Nine cancer language traps worth talking about.
Words matter. A lot. Cancer words matter too, and it seems to me, cancer language needs an overhaul. The way we describe certain aspects of a cancer experience is simply out of date and worn out.
Even when I was a newbie going through chemo, I found certain ideas, words and/or phrases highly annoying. I still do.
So, I decided to put together a list of what I see as a few of the top cancer language traps. Let me know what you think in the comments. Granted, it was hard to narrow it down.
And by the way, airing one’s cancer language
gripes opinions is not being negative. In fact, I think quite the opposite is true.
Doing so is helpful because how else will cancer language ever evolve and change for the better?
Also, just for the record, I never intend to make anyone feel badly for falling into any of these (or any other) cancer language traps, and I fully realize many people don’t even consider them traps.
This is not meant to be a finger pointing sort of post. Heck, I still fall into the cancer language traps, too. Society has made these kinds of ‘catch alls’ so easy and so accessible.
Perhaps we’ve gotten a bit lazy about words we use – and not just regarding cancer.
Each trap is filled with trite phrases that have been ingrained into our brains for so long, we often just go to them without really thinking about it. Ideas, words and phrases that we use (even cancer ones) can become rote-like too.
I say, we can do better.
I say, it is time for a cancer language overhaul, because words always matter.
Before we can do the overhaul, we need to figure out which traps or generalizations are most troubling for a lot of us and then hopefully come up with some alternatives.
The things on this list aren’t specific things people say, rather they are a kind of mind set or a type of thinking that is out there. They represent a sort of accepted way of looking at or talking about cancer; or as I call them, cancer language traps.
Each trap has dozens (probably more) of specific examples of things people say. This post and this list is not about those specifics, though I threw in a couple of examples. Nor does this list come close to covering all the traps. But…
For starters, I’m going with these nine cancer language traps which maybe should/could be avoided at least some of the time. Of course, they are all related too.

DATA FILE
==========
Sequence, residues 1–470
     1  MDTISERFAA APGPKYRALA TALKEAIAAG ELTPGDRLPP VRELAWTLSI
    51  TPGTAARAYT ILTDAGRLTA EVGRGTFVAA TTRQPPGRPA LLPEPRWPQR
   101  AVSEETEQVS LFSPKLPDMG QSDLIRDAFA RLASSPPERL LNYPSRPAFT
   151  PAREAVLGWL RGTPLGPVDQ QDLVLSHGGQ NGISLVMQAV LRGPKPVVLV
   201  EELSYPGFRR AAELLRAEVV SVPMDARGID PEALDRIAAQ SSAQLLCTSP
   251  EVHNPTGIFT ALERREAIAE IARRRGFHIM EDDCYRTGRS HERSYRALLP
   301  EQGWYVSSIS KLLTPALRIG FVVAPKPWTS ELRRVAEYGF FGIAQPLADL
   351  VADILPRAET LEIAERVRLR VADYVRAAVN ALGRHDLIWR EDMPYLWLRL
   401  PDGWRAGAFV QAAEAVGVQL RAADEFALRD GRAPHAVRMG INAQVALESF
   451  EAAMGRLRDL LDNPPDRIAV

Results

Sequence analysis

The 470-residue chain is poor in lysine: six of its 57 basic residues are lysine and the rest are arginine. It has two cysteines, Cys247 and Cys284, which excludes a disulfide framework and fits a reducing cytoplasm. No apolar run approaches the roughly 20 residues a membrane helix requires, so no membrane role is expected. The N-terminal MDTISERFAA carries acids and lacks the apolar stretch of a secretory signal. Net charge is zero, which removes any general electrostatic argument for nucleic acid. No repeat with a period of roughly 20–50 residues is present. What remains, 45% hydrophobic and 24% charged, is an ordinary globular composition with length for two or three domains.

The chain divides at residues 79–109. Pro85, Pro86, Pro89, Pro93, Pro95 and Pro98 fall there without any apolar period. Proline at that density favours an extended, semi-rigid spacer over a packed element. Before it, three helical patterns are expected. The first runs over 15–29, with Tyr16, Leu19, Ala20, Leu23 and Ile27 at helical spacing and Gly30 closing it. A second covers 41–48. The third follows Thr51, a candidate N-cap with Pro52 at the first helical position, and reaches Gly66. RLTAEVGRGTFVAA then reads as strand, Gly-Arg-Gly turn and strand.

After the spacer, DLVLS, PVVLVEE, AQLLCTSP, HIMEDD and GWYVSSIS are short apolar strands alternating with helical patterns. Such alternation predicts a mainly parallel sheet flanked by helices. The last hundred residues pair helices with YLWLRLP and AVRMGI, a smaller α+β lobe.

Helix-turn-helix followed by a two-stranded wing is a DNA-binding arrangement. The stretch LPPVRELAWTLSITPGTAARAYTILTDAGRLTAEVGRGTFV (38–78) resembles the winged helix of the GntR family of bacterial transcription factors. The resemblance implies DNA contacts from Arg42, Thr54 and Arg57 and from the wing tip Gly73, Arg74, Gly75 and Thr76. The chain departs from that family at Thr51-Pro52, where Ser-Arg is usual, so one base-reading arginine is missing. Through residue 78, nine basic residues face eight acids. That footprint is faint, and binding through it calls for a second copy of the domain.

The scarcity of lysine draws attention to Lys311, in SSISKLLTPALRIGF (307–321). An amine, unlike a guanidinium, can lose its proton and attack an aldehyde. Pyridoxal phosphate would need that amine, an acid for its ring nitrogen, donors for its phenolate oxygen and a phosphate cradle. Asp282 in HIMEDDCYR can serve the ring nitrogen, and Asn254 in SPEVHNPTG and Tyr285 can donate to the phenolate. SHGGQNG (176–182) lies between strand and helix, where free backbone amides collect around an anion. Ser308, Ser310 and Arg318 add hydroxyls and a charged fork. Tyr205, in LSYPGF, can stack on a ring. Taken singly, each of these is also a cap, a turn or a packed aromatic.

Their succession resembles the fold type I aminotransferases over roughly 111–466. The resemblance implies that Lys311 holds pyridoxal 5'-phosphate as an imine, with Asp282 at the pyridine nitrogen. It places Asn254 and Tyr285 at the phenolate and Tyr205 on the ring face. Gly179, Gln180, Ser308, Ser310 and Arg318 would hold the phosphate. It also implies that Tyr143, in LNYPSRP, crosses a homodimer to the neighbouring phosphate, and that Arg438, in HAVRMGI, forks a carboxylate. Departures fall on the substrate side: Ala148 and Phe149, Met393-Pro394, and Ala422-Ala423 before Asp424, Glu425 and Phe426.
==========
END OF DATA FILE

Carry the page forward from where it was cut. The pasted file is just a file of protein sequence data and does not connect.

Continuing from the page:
1. Calling cancer a gift or a blessing (ex. cancer’s the best thing that ever happened to me)
2. Above all else, just stay positive (ex. you can beat this if you just try hard).
3. War metaphor words and phrases, and there are a lot of them (ex. fight, warrior, win/lose, battle talk, victorious, surrender and so on).
4. When someone dies, saying so and so lost her courageous battle with cancer is soooo cliche. This one is in a ‘war class’ all its own IMO. Journalists almost always resort to this one when a celebrity or someone famous dies. This would be a great place to start the overhaul. Very doable!
You might want to read, Stating a Person Lost Her/His Battle with Cancer Is Insulting!
5. Cancer transforms you into a new and improved version of your former self – you become enlightened (ex. cancer taught me so much).
6. Cancer makes you strong, courageous, brave, tough, heroic and so on… (tied up with #3 and #4 too of course).
7. New normal talk (what does new normal even mean?)
8. Referring to cancer as a journey – there’s gotta be a better word
9. Any kind of ‘free boob job’ reference for obvious (I hope) reasons.
Maybe I’ll do a followup post or two on cancer language later, as there’s so much to say about each of the above. I’m sure I forgot some important traps, so let me know what you think is missing from this list. I want to know what you think.
Perhaps you don’t care about cancer language, much less cancer language traps.
But wouldn’t it be a good idea for us all to at least think a little more about things we say before resorting to the old, worn-out cancer cliches so often?
I say, yes.
What about you?